With just 24 hours left before a deadline do you find yourself writing frantically, desperately trying to compensate for avoiding the task for weeks?

As frustrating as this is, you’re not on your own. Procrastination is a common problem amongst students. In an attempt to overcome this, productivity coach and study skills expert Juliet Landau-Pope spoke to UCFB and GIS students in the lead up to exam season about dealing with one of the most infuriating aspects of work: putting it off.

Astonishingly, 75% of students regularly leave work until the last minute and consider themselves frequent ‘procrastinators’. But Landau-Pope rejects this term. Procrastination is not, she says, a personality trait, so there is no such thing as a procrastinator. Rather, it is simply a bad habit that can be broken if approached with the right mentality.

It all starts, Landau-Pop claims, with re-writing the narrative you have constructed surrounding your work. We create problems by convincing ourselves that the task at hand is considerably more difficult than it actually is, which results in us procrastinating and destroys our chances of finding pleasure in the work. Therefore, we need to consciously change our perspective on the task so that the prospect of starting it, or overcoming barriers within it, seems less daunting.

In order to successfully do this, Landau-Pope, who has published a book on defeating procrastination, has put together seven top tips and tricks for students:

1. Notice what you’re doing (And what you’re not).

It is surprisingly easy to overlook the fact you’re procrastinating. We must, Landau-Pope claims, debunk the myth that procrastination is merely another word for laziness and involves doing nothing all day. In fact, most of the time we procrastinate it’s through ‘positive procrastination’; we complete an alternative task to make ourselves feel better about avoiding the primary one.

So the first step of overcoming procrastination is, quite simply, to recognise the fact you’re doing it.

2. What matters to YOU?

Rather than focusing on external pressures and deadlines, try to re-adjust your mentality regarding why you’re completing this work. If you focus on personal incentives, such as seeing the task as an opportunity to further improve and challenge yourself, it will seem less intimidating and so should reduce the chances of you putting it off. This is called intrinsic motivation and it removes numerous stress-causes that might be contributing to your procrastination, as well as reminding you of what you can personally gain from completing the work.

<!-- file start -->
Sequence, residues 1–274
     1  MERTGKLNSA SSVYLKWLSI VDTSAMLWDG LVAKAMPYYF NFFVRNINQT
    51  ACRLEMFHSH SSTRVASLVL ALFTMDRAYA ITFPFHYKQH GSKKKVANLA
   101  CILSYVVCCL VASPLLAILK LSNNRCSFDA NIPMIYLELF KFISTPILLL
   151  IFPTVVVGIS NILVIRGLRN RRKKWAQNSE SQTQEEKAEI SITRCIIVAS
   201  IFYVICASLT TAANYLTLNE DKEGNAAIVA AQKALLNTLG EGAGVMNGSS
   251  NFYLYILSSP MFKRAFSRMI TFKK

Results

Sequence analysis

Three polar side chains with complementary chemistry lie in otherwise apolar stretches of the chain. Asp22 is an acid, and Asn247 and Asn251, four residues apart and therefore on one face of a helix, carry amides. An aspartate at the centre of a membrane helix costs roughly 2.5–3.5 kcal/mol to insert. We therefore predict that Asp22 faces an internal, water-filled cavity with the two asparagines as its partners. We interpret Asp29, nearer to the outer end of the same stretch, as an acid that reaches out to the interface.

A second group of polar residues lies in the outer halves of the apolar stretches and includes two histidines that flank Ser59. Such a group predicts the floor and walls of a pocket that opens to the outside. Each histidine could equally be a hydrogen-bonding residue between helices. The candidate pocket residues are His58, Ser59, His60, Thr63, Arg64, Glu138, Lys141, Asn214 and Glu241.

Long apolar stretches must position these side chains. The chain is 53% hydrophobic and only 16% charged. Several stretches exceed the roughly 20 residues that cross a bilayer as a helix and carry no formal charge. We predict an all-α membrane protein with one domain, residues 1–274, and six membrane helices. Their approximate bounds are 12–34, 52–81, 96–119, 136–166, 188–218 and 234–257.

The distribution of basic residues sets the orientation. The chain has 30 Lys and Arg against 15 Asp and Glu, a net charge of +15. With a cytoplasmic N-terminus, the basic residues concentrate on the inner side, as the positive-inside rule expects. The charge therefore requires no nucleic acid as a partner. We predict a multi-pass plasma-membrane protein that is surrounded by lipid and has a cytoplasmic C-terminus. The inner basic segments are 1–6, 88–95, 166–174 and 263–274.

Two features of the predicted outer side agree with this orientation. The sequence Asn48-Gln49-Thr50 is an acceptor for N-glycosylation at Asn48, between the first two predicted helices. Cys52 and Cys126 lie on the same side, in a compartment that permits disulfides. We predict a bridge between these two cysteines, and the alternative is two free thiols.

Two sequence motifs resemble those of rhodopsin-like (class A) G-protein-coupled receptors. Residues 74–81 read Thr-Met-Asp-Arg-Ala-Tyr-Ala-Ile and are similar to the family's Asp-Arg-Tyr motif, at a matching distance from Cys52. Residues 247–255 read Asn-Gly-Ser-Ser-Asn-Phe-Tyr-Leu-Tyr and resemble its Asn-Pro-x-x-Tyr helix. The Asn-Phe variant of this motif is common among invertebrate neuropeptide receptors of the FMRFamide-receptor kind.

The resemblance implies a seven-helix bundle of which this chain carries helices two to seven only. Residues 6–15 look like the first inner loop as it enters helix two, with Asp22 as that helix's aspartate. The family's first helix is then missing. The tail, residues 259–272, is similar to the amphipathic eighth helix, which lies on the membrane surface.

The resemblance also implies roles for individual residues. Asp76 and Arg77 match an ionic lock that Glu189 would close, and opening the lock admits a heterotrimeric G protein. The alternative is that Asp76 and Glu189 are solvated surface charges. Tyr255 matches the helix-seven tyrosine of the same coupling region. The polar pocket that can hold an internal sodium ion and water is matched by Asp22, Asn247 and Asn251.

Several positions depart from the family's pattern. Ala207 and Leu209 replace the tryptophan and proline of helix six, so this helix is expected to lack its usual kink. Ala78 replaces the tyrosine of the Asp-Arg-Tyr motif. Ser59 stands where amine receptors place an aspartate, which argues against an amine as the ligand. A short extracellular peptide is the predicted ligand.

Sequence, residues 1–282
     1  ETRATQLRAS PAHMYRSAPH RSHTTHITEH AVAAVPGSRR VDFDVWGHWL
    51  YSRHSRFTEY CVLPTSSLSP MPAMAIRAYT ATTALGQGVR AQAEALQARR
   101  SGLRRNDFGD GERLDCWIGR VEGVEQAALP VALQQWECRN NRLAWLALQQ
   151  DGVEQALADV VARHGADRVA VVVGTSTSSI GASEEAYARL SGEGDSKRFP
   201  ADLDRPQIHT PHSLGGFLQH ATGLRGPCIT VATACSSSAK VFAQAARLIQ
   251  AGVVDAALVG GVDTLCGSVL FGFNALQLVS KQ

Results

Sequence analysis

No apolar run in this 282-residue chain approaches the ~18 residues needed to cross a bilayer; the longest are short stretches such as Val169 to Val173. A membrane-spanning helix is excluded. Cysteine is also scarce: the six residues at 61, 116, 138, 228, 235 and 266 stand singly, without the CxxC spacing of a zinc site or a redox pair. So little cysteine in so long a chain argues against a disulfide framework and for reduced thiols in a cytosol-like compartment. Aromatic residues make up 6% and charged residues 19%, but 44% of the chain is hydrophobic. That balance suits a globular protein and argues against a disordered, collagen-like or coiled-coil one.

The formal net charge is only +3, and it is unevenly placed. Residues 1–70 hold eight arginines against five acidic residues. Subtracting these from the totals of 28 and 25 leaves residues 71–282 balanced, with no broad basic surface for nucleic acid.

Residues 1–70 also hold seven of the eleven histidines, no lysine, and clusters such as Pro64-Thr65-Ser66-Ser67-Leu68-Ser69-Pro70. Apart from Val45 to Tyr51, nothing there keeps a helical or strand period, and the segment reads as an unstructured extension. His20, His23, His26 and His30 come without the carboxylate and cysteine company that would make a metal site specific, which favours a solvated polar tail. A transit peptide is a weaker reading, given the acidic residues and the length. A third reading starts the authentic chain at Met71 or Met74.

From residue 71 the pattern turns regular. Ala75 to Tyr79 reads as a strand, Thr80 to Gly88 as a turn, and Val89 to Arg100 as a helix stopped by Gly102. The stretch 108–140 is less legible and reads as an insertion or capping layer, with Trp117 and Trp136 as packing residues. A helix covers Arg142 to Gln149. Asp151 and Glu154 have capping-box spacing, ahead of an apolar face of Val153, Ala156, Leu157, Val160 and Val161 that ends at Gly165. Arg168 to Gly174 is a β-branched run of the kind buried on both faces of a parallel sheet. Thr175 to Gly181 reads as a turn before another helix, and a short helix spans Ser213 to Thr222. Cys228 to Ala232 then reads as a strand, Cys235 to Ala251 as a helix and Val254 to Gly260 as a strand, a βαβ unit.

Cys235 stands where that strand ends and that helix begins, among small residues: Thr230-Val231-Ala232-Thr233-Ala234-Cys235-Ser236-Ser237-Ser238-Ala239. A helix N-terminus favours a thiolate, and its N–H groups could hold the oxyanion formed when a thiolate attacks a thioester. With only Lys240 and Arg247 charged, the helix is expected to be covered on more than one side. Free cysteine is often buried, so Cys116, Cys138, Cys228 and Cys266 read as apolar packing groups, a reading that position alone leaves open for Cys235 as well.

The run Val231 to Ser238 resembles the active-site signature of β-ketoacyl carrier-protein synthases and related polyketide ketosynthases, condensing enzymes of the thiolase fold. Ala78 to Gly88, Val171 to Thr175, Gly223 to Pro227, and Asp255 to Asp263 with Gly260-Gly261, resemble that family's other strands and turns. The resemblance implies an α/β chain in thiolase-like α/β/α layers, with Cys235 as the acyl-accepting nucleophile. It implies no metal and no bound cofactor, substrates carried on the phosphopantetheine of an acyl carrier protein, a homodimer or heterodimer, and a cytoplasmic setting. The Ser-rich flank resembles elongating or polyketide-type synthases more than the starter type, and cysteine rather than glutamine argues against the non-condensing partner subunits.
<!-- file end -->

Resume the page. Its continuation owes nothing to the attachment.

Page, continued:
According to Landau-Pope, a particularly effective way of achieving intrinsic motivation is to imagine the moment you graduate. Doing this will remind you of the rewards to come if you’re willing to put in the work now…

3. Identify the very first step you have to take.

One of the most common causes of procrastination is not knowing where to start with a piece of work. By identifying this, not only are you breaking down the challenge in front of you but also shifting from an unspecified, overwhelming workload into a precise, actionable task. 

However, this doesn’t necessarily have to be the logical first step in completing your work. For example, if you’re completing an essay, you don’t need to start by attempting the introduction. If this is something you struggle with, and therefore a likely cause of your procrastination, then it may help to begin with a task you find easier, such as essay planning or the opening paragraph.

4. Decide what you need to find or find out.

Are there certain resources you need access to? Do you simply need to request help for the task at hand? These things are not always considered a part of procrastination, but failing to identify a gap in your knowledge can make a task feel extremely difficult to get to grips with. In recognising what you don’t yet know, you’re taking the necessary steps to make progress and setting yourself up to complete the task to the best of your ability.

5. Focus on a lifeline rather than a deadline.

The emphasis placed on deadlines means it can be tempting to base your entire work plan around this date, which inevitably means you leave it to the last minute and don’t allow for unexpected obstacles along the way. Instead, try and approach this as a lifeline; stop counting backwards from the deadline and see the weeks ahead as time to capitalise on. This shift in perspective is crucial for overcoming procrastination as there is less of a temptation of postpone your work when its completion doesn’t revolve around a specific date.

6. Make yourself accountable.

Studies have shown we’re considerably more likely to get something done when we tell someone else about it. In doing this, we’re making the self-imposed deadline feel more definitive and permanent, as it now exists outside of our own mind.

Even if you’re not able to talk to someone else, saying what you plan to do out loud or in front of a mirror will increase the likelihood of you sticking to the task. Landau-Pope admits this may sound daft, but give it a go – you might just surprise yourself!

7. Eat The Frog!

The final piece of advice Landau-Pope gave to students may need a bit of explaining, as if interpreted literally it could spark some alarm. But the argument goes if you have to ‘eat a frog’ that day, which would undoubtedly be the worst task of the day, make sure it is the first thing you do in the morning; that way your day can only improve as it goes on. All day you can enjoy the satisfaction of having got the frog-eating activity out of the way, and focus on your other tasks which probably aren’t so bad in comparison.

Of course, no one is expecting you to eat a frog to make your revision seem more bearable. But if you start the day with the task you’re dreading most, it can only get better from there!

Click here to chat to UCFB students about their advice in the lead up to exam season.